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UV Safety Awareness Tips (Spoiler Alert: Wear Sunscreen!)
UV Safety Awareness

Summer is here, and so is UV Safety Awareness Month! Though our initial thought is to head outdoors and soak up the sun, damage to the skin from exposure to ultraviolet rays is a huge concern due to increased risk for skin cancer and melanoma. And it’s important to remember this exposure occurs whether it is cloudy or sunny, as the sun is always out in the daytime.

There are two types of ultraviolet rays our sun emits: UVA (ultraviolet-A: long wave) and UVB (ultraviolet-B: short wave). Since both penetrate the atmosphere their effects can damage the skin’s cellular DNA. And excessive UV radiation produces genetic mutations that can lead to skin cancer. The U.S. Department of Health and Human Services and the World Health Organization have identified UV as a proven human carcinogen which is now considered the main cause of non-melanoma skin cancers, including basal cell carcinoma and squamous cell carcinoma. UV radiation also plays an important role in melanoma, the deadliest form of skin cancer.

So today, I’d like to devote my blog post to education around UV safety awareness. Let’s start with some great ways to limit sun damage…

  • Limit exposure during the peak hours of 10 a.m. to 4 p.m., when the sun’s rays are the strongest.
  • Wear protective clothing and wide brim hats.
  • Avoid light clothing.
  • And, of course, use sunscreen!


Selecting a Sunscreen
To protect from the two types of UV rays, there are two types of sunscreen – UVA and UVB. It is best to find a sunscreen that offers "broad spectrum” protection from both with an SPF of at least 15 or 30. Sunscreens containing zinc oxide or titanium dioxide also protect against UVA and UVB. When applying, make sure to do so abundantly and 20 to 30 minutes before going outside if possible to allow time for the sunscreen to soak in and begin working. Also, make sure to re-apply every two hours, especially during swimming, even if the sunscreen claims to be “water-resistant.”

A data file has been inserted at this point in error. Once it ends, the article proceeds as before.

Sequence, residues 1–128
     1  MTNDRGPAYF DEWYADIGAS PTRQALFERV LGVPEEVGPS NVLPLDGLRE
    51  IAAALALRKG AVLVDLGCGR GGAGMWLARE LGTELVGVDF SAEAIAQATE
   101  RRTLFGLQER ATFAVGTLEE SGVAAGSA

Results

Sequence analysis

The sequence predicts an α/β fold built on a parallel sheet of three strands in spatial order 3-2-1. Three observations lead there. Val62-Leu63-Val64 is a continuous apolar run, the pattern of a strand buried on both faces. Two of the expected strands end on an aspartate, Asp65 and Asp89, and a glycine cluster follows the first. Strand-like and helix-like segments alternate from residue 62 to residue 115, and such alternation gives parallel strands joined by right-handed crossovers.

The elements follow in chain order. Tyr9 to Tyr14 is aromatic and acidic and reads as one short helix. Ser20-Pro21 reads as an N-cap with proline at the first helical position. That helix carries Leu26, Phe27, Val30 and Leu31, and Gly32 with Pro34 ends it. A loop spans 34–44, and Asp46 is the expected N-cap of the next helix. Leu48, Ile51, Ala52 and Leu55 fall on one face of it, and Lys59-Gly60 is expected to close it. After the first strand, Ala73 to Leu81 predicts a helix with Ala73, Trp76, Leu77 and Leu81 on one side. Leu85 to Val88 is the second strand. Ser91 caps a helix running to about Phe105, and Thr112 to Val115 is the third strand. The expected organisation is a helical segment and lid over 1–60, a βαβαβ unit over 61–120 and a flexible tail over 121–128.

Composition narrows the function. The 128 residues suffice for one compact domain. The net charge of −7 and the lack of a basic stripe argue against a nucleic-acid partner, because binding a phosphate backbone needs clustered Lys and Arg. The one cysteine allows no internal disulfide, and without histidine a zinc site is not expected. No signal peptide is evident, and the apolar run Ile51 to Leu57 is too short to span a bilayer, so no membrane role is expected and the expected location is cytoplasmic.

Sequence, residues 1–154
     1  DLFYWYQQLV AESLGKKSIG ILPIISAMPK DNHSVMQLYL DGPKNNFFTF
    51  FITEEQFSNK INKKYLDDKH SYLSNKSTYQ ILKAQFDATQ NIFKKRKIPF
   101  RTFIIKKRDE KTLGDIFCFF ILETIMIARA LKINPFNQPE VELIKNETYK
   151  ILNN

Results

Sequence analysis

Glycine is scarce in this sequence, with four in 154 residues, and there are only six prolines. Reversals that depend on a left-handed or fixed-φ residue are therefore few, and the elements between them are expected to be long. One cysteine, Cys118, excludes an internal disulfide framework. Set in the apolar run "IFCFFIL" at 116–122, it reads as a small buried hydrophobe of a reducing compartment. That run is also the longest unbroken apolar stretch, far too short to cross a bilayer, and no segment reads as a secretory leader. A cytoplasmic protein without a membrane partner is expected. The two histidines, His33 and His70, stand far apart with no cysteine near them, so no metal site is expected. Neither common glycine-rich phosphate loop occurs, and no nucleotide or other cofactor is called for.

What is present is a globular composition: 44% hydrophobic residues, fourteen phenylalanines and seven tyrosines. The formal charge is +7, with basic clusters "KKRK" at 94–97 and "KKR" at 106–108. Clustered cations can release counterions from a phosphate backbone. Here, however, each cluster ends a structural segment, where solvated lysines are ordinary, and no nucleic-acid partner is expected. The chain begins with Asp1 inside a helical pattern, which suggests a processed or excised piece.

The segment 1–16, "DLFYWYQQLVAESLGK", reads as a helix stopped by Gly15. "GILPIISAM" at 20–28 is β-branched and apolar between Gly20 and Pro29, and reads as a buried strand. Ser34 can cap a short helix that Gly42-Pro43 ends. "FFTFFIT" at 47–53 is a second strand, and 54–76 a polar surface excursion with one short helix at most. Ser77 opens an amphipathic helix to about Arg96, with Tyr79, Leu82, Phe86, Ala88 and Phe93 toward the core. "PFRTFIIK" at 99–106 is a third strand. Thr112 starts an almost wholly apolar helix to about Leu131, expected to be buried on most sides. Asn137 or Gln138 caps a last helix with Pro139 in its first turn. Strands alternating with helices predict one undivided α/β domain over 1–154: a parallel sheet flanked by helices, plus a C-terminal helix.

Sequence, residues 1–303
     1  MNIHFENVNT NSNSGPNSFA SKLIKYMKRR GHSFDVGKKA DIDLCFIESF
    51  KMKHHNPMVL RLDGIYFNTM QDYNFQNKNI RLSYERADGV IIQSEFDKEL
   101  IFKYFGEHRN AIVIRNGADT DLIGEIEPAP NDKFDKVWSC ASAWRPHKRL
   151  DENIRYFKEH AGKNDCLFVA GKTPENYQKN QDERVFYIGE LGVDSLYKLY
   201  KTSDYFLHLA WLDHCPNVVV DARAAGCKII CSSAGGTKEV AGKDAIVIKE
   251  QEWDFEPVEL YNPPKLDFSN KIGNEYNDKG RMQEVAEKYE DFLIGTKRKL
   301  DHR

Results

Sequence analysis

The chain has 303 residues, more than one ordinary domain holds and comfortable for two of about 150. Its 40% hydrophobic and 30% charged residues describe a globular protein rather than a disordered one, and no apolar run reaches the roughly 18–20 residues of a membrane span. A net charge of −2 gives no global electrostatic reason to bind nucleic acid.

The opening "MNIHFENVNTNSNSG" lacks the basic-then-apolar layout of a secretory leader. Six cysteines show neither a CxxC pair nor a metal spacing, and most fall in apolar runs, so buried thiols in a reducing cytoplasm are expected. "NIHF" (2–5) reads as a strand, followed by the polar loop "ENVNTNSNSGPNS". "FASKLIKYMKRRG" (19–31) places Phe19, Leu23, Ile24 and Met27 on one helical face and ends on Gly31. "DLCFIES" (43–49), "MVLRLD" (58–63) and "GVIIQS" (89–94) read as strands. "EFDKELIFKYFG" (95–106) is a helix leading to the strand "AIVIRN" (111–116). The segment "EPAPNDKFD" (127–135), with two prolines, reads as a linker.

Testing Your Sunscreen
Not everyone can use sunscreen. For some people, sunscreens containing PABA (para-aminobenzoic acid) can heighten the risk of suffering from sunburn. Also, some ingredients in sunscreens may increase the risk of a skin reaction for certain people. It is always best to test your sunscreen before using it by applying a small amount to a small, sun-exposed region of your body and observing if there is a skin reaction.

Protecting Babies from the Sun
Babies six-months old or younger should not have sunscreen applied to their skin. It is possible their bodies will not be able to tolerate the chemicals in sunscreen. It is always best to keep them out of the sun entirely. Everyone over the age of six months should use sunscreen unless their doctor has recommended they protect their skin in other ways.

Have fun this summer, but remember you can always reduce your risk by following these tips and remaining informed about UV safety awareness!

What are you doing to protect yourself from the sun? Please share in the comment section below.

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